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Saturday, July 11, 2009


It has been almost two weeks since I had nose surgery, but the pain continues. I will spare you the details. Perhaps when the doctor removes the stent August 6 the pain will end.

The nose is such a small body part, but when it hurts, the whole body suffers. For example, the nose doesn’t play an integral role in the golf swing, but I am not ready to swing a club yet. I feel too weak to do that. As far as I know, the apostle Paul didn’t have a painful nose, but he understood that the suffering of even a small member of the body causes all the members of the body to suffer (1 Cor.12:26a). Therefore, no hurting Christian should be considered unimportant. Every congregation can show greater concern and care for those who suffer.

A phone call or a visit to a hurting believer may be the perfect prescription for that person’s recovery.

Thursday, July 9, 2009

Minnesota Visitors

Jay and April visited us for a couple of days. They retired recently and decided to leave Minnesota for a two-month tour of the West. Gloria and I had never met Jay, but we knew April, although we hadn’t seen her since she was a young girl. Her parents were active members of a church I served as pastor 25 miles east of Rochester, New York. Her older brothers were teens and she was ten in 1964, when Gloria and I moved from New York State to serve a church in Altoona, Pennsylvania.

We enjoyed showing Jay and April some of our Colorado Springs scenery and conversing with them about spiritual matters. We had lots to talk about, and names from the past rolled out of our minds’ archives.

Jay and April’s daughter Danielle and son-in-law Joseph are missionaries to Spain.

In my pastoral ministry, I was involved in the construction of two church buildings, but the constructions that mattered most were those involving families. I don’t believe a pastor has a greater joy than that of seeing the faith taught and caught by succeeding generations. We may build church structures for the future, but we build families for eternity.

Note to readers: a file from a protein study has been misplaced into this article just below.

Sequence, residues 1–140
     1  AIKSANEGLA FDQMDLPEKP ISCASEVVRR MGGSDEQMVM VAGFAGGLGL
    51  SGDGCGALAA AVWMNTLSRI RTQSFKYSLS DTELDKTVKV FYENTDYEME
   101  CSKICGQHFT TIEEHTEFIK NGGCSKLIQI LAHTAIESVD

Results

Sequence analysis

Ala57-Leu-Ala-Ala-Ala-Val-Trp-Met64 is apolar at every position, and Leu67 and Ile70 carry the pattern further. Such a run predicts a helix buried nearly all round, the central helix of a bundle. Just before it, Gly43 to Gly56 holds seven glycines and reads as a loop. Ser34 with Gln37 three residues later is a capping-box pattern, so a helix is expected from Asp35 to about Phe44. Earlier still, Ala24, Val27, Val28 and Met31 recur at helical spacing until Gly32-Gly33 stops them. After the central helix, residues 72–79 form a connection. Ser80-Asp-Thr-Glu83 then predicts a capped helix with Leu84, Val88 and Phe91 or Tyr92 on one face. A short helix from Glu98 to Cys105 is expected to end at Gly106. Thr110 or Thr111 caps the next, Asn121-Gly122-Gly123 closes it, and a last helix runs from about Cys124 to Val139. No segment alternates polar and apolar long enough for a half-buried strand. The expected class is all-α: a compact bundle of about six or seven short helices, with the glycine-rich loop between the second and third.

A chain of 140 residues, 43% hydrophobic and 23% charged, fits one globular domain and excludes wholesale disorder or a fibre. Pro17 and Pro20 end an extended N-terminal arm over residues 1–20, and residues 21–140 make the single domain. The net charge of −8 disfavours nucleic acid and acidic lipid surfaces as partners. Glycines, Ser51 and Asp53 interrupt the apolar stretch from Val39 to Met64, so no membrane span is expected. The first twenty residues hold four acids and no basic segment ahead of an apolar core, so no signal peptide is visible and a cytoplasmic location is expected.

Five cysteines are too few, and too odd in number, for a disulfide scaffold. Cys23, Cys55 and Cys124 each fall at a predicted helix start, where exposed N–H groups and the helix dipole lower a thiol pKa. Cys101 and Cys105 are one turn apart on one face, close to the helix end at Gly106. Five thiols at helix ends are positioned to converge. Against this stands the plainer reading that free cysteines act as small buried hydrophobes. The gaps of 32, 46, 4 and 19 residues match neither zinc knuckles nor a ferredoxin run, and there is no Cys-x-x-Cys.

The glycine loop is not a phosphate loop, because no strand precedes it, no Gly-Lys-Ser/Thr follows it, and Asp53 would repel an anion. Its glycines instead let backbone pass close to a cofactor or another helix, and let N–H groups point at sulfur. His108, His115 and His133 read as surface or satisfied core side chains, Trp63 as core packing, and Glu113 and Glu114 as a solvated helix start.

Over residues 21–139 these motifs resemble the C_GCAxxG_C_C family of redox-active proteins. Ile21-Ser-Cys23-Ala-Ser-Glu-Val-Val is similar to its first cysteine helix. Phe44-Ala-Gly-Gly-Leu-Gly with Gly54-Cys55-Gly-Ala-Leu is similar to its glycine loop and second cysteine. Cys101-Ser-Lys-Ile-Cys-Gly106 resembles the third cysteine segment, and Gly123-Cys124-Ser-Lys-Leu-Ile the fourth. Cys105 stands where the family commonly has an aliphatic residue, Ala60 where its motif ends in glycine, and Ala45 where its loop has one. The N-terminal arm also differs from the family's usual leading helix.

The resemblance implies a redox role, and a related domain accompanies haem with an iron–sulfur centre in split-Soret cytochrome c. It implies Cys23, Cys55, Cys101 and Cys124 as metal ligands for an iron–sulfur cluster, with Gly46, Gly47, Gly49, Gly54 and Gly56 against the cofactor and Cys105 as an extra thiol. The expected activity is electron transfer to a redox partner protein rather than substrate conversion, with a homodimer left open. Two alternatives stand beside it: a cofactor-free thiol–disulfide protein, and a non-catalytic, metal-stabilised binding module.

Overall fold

Tuesday, July 7, 2009

So Much for Patient Privacy

During my post-op appointment with the surgeon yesterday, an older couple entered the waiting room and received customary medical forms to complete. They sat near me, and the woman began reading the list of diseases the old fellow was supposed to check off. In the ensuing ten minutes the old fellow responded audibly to each item. and then his wife placed the checkmark at the appropriate place.

So much for patient privacy! I learned the man’s medical history, including how long ago he had been a smoker and how long he had smoked. Perhaps his glaucoma had required his wife’s assistance in reading each medical form to him.

Frankly, I hope I never reach a stage of life in which I have to share my medical history audibly in a doctor’s waiting room or wherever strangers are within earshot. I am too reserved for that.

On the plus side, it is good that a wife can help her husband or vice versa. In the absence of a spouse, a good friend’s support in times of medical challenges can bring practical help and encouragement.

Solomon wisely observed the mutual benefit of a close partnership. He observed: “Two are better than one, because they have a good reward for their labor. For if they fall, one will lift up his companion. But woe to him who is alone when he falls, for he has no one to help him up” (Ecclesiastes 4:9, 10). Contrary to the opinion of some, these words do not refer to suspenders but to the beneficial relationship of spouses.

How can you help your spouse or best friend today?

Sunday, July 5, 2009

Priorities Matter

Somewhere I read that a woman sued for a divorce on religious grounds. She told her attorney she worshiped money and her husband didn’t have any.

We can enjoy the humor in this story, but it also has a serious side. Some people do worship money and even accompany such worship with sacrifices. They may sacrifice their own health as they work long hours in the pursuit of what they consider the almighty dollar. They may sacrifice their marriage by devoting far more attention to their financial goals than to their spouse. They may sacrifice their children by leaving little or no time for parenting. They may even sacrifice their souls by having greed as their creed and valuing gold above God.

Jesus issued crisp, significant counsel about setting life’s priorities. He taught us to set our hearts on eternal values. Serving God pays eternal dividends, He explained, whereas serving money leads only to irreversible loss (Matthew 6:19–24).

To be sure, the Bible does not condemn wealth. To the contrary, it lauds a number of wealthy men and women for their service to God. Those individuals had their priorities straight. They valued God above money. Like them, we should be good stewards of our money instead of slaves to it.

—An excerpt from The Anchor, Haven Ministries, written by Jim Dyet